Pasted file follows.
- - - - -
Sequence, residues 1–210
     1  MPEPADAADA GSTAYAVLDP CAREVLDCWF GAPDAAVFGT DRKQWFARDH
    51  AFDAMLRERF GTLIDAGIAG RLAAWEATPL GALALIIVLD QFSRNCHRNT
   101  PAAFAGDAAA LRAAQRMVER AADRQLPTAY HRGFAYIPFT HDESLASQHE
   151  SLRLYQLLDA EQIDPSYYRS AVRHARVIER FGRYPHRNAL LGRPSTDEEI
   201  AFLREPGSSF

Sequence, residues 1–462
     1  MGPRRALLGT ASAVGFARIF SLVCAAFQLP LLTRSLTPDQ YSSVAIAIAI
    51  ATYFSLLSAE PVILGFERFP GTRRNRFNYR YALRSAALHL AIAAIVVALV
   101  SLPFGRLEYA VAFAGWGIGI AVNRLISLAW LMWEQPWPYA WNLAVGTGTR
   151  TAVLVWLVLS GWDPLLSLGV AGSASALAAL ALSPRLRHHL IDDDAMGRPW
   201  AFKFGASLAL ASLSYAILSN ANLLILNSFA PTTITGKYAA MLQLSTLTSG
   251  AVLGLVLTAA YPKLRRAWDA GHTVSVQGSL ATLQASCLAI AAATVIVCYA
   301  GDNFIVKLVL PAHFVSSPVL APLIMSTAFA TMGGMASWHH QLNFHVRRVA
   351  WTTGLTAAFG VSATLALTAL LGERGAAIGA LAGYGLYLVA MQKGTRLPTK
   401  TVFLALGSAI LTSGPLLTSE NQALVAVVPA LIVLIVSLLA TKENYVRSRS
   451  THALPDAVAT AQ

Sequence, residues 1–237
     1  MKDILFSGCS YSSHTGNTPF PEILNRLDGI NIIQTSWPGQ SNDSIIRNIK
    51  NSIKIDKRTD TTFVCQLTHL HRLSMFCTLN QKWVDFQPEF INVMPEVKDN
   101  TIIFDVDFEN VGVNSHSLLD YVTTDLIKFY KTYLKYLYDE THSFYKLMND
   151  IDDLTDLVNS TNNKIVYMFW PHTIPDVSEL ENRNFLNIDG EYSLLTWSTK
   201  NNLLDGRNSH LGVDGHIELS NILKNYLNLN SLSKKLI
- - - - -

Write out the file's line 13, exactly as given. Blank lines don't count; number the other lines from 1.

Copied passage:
   251  AVLGLVLTAA YPKLRRAWDA GHTVSVQGSL ATLQASCLAI AAATVIVCYA